New Zealand's labour productivity - the ratio of hours worked and economic output - between 2006 and 2010 grew at an annual average rate of 0.9% compared with an average of 2% between 1978 and 2010, Statistics New Zealand says.
Productivity was measured in the market economy, which makes up approximately 80% of the total economy. It excludes government administration and defence, health, and education, Stats NZ said.
Despite the slower growth rate over the last four years, labour productivity grew 3.7% in the year to March 2010 as a fall in hours worked was greater than the fall in output, Stats NZ said.
Labour productivity grew 3.7 percent in the March 2010 year, Statistics New Zealand said today. New figures from the information release Productivity Statistics: 1978–2010 show that the weaker labour market has boosted productivity. "The increase in labour productivity was the result of a substantial decline in workforce hours, in response to falling demand and consecutive years of falling production in the market economy," economic statistics development manager Jude Hughes said.
Fewer hours were worked in the market economy, which makes up approximately 80 percent of the total economy. It excludes government administration and defence, health, and education. Fewer people were employed in most sectors of the economy, particularly manufacturing and construction, and there was a substantial drop in self-employed hours. The amount of goods and services produced in the economy decreased, but less so than hours worked, resulting in stronger-than-average labour productivity growth.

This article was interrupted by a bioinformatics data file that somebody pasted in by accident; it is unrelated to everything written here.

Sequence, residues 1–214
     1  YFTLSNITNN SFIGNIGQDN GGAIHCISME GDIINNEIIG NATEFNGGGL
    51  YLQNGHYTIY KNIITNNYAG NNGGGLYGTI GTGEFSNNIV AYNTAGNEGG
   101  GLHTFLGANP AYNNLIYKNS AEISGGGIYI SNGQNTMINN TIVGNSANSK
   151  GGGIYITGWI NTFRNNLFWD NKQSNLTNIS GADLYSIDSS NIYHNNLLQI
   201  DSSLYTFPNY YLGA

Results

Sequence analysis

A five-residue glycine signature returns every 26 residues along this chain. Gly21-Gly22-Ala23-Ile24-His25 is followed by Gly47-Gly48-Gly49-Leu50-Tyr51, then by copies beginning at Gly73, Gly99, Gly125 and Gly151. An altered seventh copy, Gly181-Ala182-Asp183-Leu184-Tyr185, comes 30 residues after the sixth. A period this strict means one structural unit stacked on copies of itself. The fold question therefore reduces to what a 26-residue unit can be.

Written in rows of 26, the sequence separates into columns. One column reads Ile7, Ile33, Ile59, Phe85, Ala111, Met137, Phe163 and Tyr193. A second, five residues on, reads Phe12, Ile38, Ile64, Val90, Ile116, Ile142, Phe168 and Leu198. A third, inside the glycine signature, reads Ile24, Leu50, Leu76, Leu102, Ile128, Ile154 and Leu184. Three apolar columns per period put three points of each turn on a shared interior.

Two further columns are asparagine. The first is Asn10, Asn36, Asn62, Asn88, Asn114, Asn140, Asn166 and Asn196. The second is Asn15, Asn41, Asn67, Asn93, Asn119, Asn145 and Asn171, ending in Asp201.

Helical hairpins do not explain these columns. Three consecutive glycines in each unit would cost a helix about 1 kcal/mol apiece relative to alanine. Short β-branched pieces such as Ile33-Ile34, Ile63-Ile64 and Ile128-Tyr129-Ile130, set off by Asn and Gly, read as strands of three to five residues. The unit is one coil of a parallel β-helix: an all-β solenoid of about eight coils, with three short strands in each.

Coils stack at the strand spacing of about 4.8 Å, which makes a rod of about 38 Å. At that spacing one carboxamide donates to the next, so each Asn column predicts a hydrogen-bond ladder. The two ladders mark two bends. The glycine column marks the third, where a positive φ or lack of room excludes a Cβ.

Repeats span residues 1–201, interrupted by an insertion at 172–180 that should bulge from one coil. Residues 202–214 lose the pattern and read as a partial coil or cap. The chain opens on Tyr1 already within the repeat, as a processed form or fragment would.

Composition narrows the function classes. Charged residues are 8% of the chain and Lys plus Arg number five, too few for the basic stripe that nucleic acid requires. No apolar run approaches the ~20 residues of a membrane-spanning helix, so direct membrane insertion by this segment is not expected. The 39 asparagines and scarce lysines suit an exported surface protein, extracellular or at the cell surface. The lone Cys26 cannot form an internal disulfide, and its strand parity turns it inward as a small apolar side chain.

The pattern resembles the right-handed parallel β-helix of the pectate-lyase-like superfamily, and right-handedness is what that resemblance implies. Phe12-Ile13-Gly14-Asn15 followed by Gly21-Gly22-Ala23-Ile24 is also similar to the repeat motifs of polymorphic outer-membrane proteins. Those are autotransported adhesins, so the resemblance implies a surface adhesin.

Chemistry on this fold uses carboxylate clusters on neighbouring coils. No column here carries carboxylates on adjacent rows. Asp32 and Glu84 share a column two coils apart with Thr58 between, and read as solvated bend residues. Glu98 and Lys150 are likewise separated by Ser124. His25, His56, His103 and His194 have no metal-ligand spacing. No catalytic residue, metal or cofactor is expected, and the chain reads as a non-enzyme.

New Zealand's labour productivity growth has trailed Australia's in recent years. Since 1996, New Zealand's market economy labour productivity has grown at 1.6 percent annually, with Australia at 2.0 percent. Australia had much stronger growth in the amount of capital per worker. This additional capital has resulted in the productivity of Australian workers rising faster than that of New Zealand workers.
Productivity is regarded as key to increasing New Zealand’s standard of living. Multifactor productivity (MFP) is a measure of the efficiency of producing goods and services in the economy. In the March 2010 year, MFP increased 1.5 percent, which is above the average annual rate of 1.0 percent achieved since 1978.
(Updates with chart, release)